The common question writers get asked is: Where do your ideas come from?*
And, for most writers, this is the wrong question.
If you’re at all like me—and most of the other people I asked—the problem is not getting ideas. The problem is figuring out which ones to devote your time to. Because ideas? They’re like fucking snowflakes. In fact, they’re exactly like snowflakes, because, unique and magical though they may be, lately I’ve been having to shovel a pile of them out of my goddamn way before I can get anything done in the morning.
I have come to the realization that there will never be enough time in my life to write every idea that comes to me. Barring some kind of time-stop device, that is. Which I’m not ruling out.
But until the day that I hold one of the dimensions in my hands, I have to pick and choose. Which ones make the cut? Which ones aren’t strong enough? Sometimes I can use the Spotter’s Guide to weed them out, but other times, I’m left with a bunch of strong ideas, any one of which could be The One.
So I have to pick. I have methodology that I use, questions that I ask according to what I’m trying to do, but in the end it mostly comes down to gut instinct. Which one feels right? Which one piques my interest slightly more than the others? That’s the one I go with.
But sometimes I’m fucking wrong.
That happened this week. The short story that I spent all last week working on, the one that was due today…it wasn’t good enough. I got through a zero draft, took a look at it, and realized that, not only was I not into it, but you could feel that disinterest in every word.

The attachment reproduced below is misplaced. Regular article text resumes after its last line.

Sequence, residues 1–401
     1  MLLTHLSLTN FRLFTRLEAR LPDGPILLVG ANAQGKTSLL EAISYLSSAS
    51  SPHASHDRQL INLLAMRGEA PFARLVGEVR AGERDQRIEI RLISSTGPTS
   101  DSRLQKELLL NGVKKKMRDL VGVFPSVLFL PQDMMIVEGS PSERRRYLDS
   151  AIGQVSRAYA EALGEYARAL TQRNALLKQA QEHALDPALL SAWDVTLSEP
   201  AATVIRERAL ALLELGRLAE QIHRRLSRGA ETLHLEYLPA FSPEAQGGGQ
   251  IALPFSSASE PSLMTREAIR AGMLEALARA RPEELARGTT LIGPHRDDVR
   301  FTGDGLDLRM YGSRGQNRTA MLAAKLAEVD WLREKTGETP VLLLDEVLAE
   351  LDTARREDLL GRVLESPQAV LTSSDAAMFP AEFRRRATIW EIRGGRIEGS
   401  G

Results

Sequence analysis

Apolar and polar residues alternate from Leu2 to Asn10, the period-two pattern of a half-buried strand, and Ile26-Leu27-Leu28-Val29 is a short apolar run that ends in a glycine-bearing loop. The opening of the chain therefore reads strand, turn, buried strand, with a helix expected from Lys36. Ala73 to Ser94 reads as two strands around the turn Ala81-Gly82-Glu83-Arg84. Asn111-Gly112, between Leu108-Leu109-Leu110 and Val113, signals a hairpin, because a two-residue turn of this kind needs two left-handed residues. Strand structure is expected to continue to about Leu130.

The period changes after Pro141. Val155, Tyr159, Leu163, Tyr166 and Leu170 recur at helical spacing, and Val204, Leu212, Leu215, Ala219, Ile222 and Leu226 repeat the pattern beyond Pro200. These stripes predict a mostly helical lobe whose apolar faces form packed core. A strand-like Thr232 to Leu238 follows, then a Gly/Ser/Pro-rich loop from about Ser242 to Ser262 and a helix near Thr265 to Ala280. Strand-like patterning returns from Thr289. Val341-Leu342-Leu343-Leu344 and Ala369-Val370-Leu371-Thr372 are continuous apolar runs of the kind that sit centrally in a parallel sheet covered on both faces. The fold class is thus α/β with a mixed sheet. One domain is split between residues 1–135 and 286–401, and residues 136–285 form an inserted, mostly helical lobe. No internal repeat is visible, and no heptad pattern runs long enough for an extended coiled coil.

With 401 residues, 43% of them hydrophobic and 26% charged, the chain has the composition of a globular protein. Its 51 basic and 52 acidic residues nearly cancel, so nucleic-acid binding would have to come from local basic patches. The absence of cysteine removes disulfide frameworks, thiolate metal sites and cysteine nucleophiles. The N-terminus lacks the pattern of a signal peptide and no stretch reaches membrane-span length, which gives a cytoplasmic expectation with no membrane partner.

So I trashed it.** And started again.
Yeah, it sucked to have to start over with less than a week to go. But c’est la vie. If you can’t face up to the idea of junking something because it’s not good enough, editing will be very hard for you.
In the end, the new story worked out much better, and I just barely managed to get it finished in time. It was a race, I’m not going to lie. But it’s done and sent in. Now I just have to sit back and wait for the next rejection letter.
And, in the meantime, I’ve got a whole new crop of ideas that need weeding.
*Fiction writers throughout the ages have made a number of snarky and/or clever responses to this. I encourage you to Google them, not because they’re helpful, but because they are an entertaining time waster.
**Metaphorically speaking. It’s still in the Purgatory file on my hard drive, thinking about what it did.